In many languages that are lazy by default the performance penalties for being lazy are practically none existing. But, for Ruby, this is a little bit different. Here is a small benchmark that is lazily evaluating all the items in a big array:

require 'benchmark/ips'

$x = Enumerator.produce([0, 1]) {|b1, b2| [b1 - b2, b2 + b1] }.take(50_000).to_a

Benchmark.ips do |b|
  b.time = 2
  b.warmup = 1

  b.report("lazy: ") { $x.lazy.map { _1.reverse }.take(50_000).to_a }
  b.report("eager: ") { $x.map { _1.reverse } }


Here are the results for my computer:

Warming up --------------------------------------
             lazy:      6.000  i/100ms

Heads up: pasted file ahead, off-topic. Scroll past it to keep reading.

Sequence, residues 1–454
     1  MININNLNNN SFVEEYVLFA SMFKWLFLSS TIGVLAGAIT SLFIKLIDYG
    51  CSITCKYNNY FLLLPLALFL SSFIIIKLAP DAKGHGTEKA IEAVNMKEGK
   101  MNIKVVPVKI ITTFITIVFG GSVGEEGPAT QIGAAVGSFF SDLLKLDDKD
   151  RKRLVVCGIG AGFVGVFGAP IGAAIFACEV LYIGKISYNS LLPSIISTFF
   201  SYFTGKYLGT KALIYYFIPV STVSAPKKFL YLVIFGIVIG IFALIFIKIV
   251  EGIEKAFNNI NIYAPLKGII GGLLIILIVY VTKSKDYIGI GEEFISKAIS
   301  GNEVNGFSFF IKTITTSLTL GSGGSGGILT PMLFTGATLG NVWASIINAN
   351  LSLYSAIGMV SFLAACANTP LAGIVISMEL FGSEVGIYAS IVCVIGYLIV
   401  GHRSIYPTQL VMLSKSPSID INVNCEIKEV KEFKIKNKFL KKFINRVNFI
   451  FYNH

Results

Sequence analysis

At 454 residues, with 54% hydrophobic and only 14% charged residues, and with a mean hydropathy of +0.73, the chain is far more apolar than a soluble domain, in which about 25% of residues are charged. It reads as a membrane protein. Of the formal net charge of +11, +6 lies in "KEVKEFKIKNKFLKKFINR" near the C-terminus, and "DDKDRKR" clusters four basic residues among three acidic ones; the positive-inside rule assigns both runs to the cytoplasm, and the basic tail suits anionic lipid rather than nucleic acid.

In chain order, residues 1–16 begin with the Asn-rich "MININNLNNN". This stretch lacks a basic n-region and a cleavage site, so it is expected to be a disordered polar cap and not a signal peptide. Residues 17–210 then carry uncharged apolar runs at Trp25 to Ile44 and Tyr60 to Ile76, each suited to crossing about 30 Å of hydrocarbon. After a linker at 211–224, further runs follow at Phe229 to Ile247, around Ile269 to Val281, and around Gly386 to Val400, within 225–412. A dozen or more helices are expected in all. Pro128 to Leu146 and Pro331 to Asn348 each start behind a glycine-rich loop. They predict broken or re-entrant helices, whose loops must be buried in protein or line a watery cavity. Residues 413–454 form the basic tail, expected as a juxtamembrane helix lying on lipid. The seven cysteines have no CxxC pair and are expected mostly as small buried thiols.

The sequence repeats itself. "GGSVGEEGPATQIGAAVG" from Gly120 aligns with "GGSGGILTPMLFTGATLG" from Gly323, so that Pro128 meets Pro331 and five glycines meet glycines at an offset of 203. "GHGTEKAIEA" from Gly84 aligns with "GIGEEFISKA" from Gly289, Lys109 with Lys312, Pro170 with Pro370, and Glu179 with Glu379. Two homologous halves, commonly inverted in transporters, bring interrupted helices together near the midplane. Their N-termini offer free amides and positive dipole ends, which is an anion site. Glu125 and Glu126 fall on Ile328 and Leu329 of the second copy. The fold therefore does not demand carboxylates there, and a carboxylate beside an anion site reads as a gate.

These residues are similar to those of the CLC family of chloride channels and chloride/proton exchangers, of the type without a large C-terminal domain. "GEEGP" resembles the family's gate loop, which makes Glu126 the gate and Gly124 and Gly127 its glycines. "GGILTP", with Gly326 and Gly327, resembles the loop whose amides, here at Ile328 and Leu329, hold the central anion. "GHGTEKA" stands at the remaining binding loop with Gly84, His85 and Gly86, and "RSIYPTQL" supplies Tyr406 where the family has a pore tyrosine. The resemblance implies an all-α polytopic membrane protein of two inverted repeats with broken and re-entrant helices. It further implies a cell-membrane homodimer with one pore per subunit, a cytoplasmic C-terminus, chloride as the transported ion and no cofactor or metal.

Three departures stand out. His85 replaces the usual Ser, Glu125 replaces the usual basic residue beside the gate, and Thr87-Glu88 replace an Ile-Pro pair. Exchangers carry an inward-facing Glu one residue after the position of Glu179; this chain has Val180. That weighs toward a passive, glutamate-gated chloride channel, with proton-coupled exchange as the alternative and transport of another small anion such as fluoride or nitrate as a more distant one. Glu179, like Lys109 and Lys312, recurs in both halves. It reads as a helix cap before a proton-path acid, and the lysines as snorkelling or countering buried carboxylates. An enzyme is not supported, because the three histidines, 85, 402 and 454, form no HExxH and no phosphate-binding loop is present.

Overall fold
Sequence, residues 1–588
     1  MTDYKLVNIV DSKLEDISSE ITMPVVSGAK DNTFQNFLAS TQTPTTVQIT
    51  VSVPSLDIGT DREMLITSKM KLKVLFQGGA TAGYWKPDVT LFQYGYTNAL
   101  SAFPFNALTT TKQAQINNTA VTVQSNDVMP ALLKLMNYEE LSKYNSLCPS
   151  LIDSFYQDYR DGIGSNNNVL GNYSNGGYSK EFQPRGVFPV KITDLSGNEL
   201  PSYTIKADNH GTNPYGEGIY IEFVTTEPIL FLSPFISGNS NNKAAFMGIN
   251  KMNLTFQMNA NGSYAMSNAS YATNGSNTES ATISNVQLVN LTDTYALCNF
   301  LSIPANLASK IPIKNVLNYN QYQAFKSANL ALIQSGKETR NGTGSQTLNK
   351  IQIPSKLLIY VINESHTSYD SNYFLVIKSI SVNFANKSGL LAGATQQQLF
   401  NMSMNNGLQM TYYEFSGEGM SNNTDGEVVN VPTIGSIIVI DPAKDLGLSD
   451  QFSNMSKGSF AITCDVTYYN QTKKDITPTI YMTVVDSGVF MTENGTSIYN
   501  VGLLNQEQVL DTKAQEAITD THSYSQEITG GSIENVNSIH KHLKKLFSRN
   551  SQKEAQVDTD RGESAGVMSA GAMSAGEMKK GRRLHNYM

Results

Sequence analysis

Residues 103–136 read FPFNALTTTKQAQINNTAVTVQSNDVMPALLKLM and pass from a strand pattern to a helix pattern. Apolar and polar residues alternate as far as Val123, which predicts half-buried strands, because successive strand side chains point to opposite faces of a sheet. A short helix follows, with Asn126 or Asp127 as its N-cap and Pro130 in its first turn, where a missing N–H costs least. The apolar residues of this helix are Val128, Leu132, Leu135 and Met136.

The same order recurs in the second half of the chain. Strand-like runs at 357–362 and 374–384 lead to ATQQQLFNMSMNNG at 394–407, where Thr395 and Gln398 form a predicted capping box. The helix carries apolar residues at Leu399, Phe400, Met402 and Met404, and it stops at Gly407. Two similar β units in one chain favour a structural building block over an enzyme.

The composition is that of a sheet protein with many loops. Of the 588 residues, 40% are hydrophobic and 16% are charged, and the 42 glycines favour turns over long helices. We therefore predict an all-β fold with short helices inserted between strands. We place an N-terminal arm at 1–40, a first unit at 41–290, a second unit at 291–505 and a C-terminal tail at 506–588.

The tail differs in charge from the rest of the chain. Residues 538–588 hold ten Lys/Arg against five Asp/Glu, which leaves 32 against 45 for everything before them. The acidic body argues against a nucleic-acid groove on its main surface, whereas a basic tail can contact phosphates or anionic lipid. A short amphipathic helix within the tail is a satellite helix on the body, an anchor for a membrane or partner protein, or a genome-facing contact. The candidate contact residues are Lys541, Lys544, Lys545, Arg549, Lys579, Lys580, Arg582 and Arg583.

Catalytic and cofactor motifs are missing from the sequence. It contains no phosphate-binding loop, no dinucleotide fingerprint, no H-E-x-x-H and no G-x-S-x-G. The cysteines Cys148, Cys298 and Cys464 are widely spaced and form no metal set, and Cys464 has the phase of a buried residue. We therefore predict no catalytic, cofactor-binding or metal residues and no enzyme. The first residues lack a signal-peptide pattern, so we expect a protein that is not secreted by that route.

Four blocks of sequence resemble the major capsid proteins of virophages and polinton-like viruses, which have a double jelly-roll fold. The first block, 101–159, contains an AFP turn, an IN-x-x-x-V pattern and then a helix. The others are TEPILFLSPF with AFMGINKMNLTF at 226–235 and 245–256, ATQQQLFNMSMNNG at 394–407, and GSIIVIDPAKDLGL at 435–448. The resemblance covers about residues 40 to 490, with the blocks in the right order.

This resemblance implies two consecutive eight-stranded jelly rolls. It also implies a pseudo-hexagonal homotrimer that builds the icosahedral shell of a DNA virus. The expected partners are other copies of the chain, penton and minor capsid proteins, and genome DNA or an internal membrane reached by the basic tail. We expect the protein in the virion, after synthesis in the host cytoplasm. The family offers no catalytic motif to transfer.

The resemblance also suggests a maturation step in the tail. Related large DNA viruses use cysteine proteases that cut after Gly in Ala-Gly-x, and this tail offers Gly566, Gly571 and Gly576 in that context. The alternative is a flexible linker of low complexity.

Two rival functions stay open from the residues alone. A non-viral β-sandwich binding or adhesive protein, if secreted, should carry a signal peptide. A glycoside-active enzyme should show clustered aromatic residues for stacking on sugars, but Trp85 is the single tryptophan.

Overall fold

eager:     24.000  i/100ms
Calculating -------------------------------------
             lazy:      75.752  (± 4.0%) i/s -    156.000  in   2.063805s
            eager:     254.646  (± 6.7%) i/s -    528.000  in   2.083519s

            eager: :      254.6 i/s
             lazy: :       75.8 i/s - 3.36x  (± 0.00) slower

So, the lazy evaluation is more than three times slower than the eager solution. But, what happens if we want to work only on a few items? Let’s adjust the benchmark a little bit and find out:

$x = Enumerator.produce([0, 1]) {|b1, b2| [b1 - b2, b2 + b1] }.take(50_000).to_a

Benchmark.ips do |b|
  b.time = 2
  b.warmup = 1

  b.report("lazy: ") { $x.lazy.map { _1.reverse }.first(5) }
  b.report("eager: ") { $x.map { _1.reverse }.first(5) }


This changes a lot! Here is the output:

Warming up --------------------------------------
             lazy:     23.021k i/100ms